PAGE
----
Globally, over 18 million servers are working flat out, 24/7, in thousands of data centres. In addition to a power supply and internet connection, cooling is one of three essential features of their life support system. The world’s online ecosystem relies on thousands of racks of devices and components that have to be kept at the correct operating temperature. The problem is, in what we could consider a smart attempt at dispersing heat, we may actually be slowing down cooling efficiency.

Chilled water systems are the default in most data centers, just as in many commercial buildings where heat dispersal is mission-critical. Typically, these systems are centred on a fairly large pumping station. This pressurizes cold water, then forces it out throughout the building, via a complex system of balancing control valves, positioned at each computer room air-handler (CRAH). In principle, heat is absorbed by the chilled water which is then vented into the outside air.

This methodology seems to make sense, otherwise it would not have been adopted so widely. However, if we applied the same principle to another form of technology, say a car, it may be considered counterproductive. Imagine, you are flying down the highway at full speed, however you need to quickly slow down to enter a car park - rather than reducing your acceleration you simply slam the brake at the same time. This is exactly what a balancing control valve, otherwise known as a PICV, is fighting to do to quell the force of the main pumping station.

In a car this would lead to glowing red brake discs, poor stopping distance and higher than anticipated fuel consumption. Similarly, in a data centre, you’d be wasting energy by working against the very system that’s trying to save it. Having parked the car - and the analogy - for the moment, let’s take a look at the Grundfos solution to this predicament.

It’s called Distributed Pumping. It’s a kind of democracy for chilled water distribution, where the power to make a difference is dispersed to places where it matters most. The star of the Distributed Pumping ecosystem is the Grundfos MAGNA3.

The benefits of the MAGNA3

MAGNA3 can cut the accumulated energy required to pump chilled water around a data centre by up to 54%. Which makes Moore’s Law seem like a law about a slight technological change now and then. In what may eventually be called a ‘legacy ’cooling system, PICVs are a response mechanism. They are on the receiving end of what the main pump dictates. But when you replace these valves with MAGNA3, you are actually fitting intelligent components that independently modify their own performance by communicating with and responding to temperature sensors mounted in the CRAHs. So, maintaining a consistent temperature is something that is executed out on the floor, not back in the chiller room. And, because the stress of temperature management has been directed to the Distributed Pumping system, the knock-on effect is that a much smaller main pump is needed.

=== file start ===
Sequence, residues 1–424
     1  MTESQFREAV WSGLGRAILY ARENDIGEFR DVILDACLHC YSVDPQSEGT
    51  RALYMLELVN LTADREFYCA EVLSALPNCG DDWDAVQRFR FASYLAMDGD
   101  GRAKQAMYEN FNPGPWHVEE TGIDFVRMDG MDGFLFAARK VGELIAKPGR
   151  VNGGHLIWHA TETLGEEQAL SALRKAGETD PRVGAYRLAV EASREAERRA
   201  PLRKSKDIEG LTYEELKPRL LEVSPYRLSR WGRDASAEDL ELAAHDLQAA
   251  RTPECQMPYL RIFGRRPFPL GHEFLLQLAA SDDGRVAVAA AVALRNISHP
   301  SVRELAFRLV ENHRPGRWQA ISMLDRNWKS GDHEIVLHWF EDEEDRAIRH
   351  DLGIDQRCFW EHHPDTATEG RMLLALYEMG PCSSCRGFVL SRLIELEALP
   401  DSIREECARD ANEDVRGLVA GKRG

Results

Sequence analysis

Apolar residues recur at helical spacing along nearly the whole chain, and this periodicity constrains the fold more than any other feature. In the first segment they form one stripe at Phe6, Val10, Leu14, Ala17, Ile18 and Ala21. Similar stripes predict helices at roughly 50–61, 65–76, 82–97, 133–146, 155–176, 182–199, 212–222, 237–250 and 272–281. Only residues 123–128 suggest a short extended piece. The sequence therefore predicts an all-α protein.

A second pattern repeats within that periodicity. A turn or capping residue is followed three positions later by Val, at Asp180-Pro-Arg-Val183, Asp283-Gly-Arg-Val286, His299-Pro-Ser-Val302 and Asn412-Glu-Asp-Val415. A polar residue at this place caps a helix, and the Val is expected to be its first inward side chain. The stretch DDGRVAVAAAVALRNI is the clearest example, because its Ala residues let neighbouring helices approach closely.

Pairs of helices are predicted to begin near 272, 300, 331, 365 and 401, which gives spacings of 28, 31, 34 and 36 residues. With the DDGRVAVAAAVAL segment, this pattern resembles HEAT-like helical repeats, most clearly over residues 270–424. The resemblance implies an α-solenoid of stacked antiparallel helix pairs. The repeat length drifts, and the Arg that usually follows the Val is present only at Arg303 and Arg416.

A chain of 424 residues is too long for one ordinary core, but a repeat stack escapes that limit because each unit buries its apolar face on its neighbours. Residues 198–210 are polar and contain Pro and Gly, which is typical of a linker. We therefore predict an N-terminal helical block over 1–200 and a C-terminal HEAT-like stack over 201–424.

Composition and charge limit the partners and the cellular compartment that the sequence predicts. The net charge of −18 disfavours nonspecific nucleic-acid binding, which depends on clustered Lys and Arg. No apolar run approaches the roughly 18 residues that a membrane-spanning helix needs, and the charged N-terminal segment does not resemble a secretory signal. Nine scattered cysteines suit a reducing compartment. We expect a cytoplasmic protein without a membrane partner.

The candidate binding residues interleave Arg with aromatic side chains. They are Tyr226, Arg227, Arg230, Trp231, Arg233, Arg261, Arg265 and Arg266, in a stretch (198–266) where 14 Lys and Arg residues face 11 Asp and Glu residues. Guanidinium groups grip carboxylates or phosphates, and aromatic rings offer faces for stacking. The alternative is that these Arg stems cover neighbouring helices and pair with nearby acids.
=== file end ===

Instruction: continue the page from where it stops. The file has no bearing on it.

One MAGNA3 is designed to replace each PICV. However, if a redundant or fail-safe system is needed, two MAGNA3s can sit next to one another. In the unlikely event that the first malfunctions, the reserve MAGNA3 kicks in. In any case, a simple, non-return valve prevents back-flow.

In a Distributed Pumping system, temperature sensors are deployed in sensitive locations around the bypass/decoupler line. Responding to feedback from these sensors, the main pump automatically adjusts its speed and, consequently, the water flow is reduced through the bypass. If the secondary side demand is less than the desired minimum flow from the chiller unit, the control unit takes charge and allows the bypass/decoupler to maintain minimum flow.

This is why less accumulated energy will be required to pump the chilled water. It also is the reason that balancing the system is unnecessary. Which means the men in blue overalls will not need nearly as long to commission it. Even the chiller unit will be happy with Distributed Pumping: the Delta-T will automatically be optimised, even in part-load operation.

MAGNA3s can also be used in condenser water loop systems with CRACs. Although temperatures may, typically, be higher, the issues faced are similar to those encountered in a chilled water system.

One top-of-mind issue in a data center is scalability. Within reason, Distributed Pumping can be part of a scaling-up strategy. Provided your pipe diameters are adequate and your main pump has spare capacity, more CRAHs and MAGNA3s can be added without recommissioning the entire system or the originally installed MAGNA3s.

Investing in this new paradigm for data center cooling is not only exciting, it is low-risk and, because MAGNA3 is engineered by Grundfos, you can expect world class quality and reliability - just as this is expected from your data centre. As your ambitions for both growth and performance increase and you feel the need for speed, Distributed Pumping and MAGNA3 can help you take the brakes off.

For more information about Grundfos' Distributed Pumping systems get in touch, or visit their website.